A new client mentioned to me at her first consultation recently that she wanted to change her omnivorous diet and go plant-based, but she was worried that she could not get enough iron from plants and would develop a deficiency – and this set me to thinking because there are numerous plant sources of iron and a properly constructed and tailored plant-powered diet can easily provide all the iron needed – meat is certainly not the only answer. This does not mean that going vegan is appropriate for everybody as one size does most definitely not fit all, and the important thing to remember is that a nutrient-dense diet is what we are looking for.
So let’s take a look at iron generally, and then we can go into where to obtain it in our daily diet. Iron is certainly an important mineral, which we all need in order to create two protein molecules known as haemoglobin (red blood cells) and myoglobin (muscles), both of which transport the oxygen needed to fuel your body – and without enough iron to power cells, iron deficiency anaemia can result, along with constant tiredness, shortness of breath, weakness, headaches, apathy, lack of motivation, poor resistance to cold temperatures, weakened immune system and pale skin. Furthermore, iron is essential for normal growth and development. Iron deficiency is actually considered the most frequent nutritional deficiency in the world but it is crucial to remember that too much iron can be toxic and iron overload is more common in men than in women, even though men actually require more iron than women do.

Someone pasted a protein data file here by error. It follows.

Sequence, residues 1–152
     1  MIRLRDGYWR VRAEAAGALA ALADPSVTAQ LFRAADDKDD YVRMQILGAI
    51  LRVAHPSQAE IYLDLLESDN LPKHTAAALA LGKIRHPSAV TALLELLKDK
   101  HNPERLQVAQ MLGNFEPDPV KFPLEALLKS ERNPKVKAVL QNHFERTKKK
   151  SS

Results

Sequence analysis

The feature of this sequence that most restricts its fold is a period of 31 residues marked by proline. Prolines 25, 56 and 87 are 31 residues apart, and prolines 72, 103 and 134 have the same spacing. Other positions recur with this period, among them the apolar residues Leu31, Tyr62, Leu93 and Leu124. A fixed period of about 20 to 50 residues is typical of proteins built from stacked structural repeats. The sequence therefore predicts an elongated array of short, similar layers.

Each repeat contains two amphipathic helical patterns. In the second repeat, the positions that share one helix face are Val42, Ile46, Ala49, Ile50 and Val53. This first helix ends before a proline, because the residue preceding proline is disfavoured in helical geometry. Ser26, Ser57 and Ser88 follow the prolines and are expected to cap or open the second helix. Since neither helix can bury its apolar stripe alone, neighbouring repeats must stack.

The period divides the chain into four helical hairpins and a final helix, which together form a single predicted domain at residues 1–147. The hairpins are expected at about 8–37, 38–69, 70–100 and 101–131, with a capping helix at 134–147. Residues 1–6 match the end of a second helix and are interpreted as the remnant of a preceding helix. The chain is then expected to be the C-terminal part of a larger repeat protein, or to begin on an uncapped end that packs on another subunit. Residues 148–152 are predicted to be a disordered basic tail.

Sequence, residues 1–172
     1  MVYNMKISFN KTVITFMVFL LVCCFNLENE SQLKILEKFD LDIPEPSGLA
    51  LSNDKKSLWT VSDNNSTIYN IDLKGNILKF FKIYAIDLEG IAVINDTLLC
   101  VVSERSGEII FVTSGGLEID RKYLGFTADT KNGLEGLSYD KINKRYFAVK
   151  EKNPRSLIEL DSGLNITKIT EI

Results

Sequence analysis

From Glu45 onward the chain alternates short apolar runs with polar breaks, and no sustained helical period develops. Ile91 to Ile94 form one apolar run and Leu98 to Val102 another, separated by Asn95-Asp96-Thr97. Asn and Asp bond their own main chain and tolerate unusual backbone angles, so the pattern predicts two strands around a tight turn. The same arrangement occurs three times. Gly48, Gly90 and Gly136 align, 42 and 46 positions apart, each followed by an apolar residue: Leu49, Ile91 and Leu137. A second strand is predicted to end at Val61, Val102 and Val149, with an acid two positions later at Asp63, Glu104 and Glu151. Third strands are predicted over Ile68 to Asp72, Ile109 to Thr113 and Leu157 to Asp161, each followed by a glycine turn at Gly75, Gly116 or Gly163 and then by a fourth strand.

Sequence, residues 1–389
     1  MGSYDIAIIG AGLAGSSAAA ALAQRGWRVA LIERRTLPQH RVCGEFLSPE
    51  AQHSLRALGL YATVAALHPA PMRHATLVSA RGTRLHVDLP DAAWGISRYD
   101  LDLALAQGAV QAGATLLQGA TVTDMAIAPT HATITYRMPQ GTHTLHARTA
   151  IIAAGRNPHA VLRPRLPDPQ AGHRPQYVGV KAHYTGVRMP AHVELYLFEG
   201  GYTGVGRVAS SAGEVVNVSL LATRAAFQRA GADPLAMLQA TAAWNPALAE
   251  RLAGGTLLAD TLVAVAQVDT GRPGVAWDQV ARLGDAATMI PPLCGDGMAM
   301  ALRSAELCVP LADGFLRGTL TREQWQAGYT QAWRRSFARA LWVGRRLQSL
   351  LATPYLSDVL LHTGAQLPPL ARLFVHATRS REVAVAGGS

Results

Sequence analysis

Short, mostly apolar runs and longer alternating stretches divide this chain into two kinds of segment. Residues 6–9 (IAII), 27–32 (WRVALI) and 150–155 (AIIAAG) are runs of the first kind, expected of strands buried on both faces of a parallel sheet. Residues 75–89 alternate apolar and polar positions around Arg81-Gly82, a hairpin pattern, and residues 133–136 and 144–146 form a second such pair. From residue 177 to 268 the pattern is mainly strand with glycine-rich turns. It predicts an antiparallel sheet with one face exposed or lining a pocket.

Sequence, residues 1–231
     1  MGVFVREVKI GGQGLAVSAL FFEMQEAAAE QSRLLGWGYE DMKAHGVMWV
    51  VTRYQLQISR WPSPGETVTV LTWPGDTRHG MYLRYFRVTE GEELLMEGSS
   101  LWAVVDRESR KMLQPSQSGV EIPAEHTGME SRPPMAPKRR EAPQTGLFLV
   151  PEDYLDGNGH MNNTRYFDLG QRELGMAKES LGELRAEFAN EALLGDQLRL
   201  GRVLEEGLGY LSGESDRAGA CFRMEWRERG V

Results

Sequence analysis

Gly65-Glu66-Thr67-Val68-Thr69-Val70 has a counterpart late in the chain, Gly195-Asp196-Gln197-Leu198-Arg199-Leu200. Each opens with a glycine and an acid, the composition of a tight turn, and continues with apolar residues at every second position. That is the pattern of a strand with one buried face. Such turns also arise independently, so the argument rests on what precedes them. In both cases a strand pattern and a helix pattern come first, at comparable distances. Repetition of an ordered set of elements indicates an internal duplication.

There are two different types of iron: haem iron, which is found in animal products, and non-haem iron from plants. Haem iron is more readily absorbed but it can also build up in the body, which carries risks like heart disease, diabetes and certain cancers, and it is also involved in the formation of free radicals which damage cells and age us. On the other hand, the body absorbs whatever non-haem iron it needs and it does not build up. Studies of vegetarians and vegans have shown that although they do actually have lower iron body stores and therefore need to ensure that they are consuming plenty of iron-rich plant foods, they do not generally have iron deficiencies.
It is also essential to be aware of the foods which interfere with iron absorption, such as dairy products which can often play an important role in a vegetarian diet – their calcium content reduces iron absorption. And some pulses, grains and seeds, which are good sources, contain phytates which can bind to iron and decrease its absorption so it is a good idea to soak them for an hour and discard the water. And if you are a big tea and coffee drinker, know that they both impair iron absorption.
And what helps us to absorb the iron in our food? Firstly, it is more readily available in RAW food anyway – and secondly Vitamin C helps absorption so it is wise to combine iron-rich foods with Vitamin C-rich foods, ie citrus, tomatoes, broccoli, peppers, strawberries, Brussels sprouts, potatoes, peas and cabbage.
Iron is widely distributed in foods – in animal products of course, particularly clams, oysters, mussels, sardines, liver, turkey, beef, lamb and eggs. But what of plants? The highest concentrations are found in sesame, sunflower and pumpkin seeds, pine nuts, apricots and figs, beans/chickpeas/lentils, tofu (not my favourite source!), whole grains, quinoa, parsley, broccoli, beetroot and dark green leafy vegetables.
The answer to the iron question? Eat a varied, fresh, natural, unprocessed diet rich in plant foods and you are unlikely to have a problem. And if you choose to eat fish, meat and eggs, just remember that iron can build up as the body does not have a physiological mechanism to excrete any excess.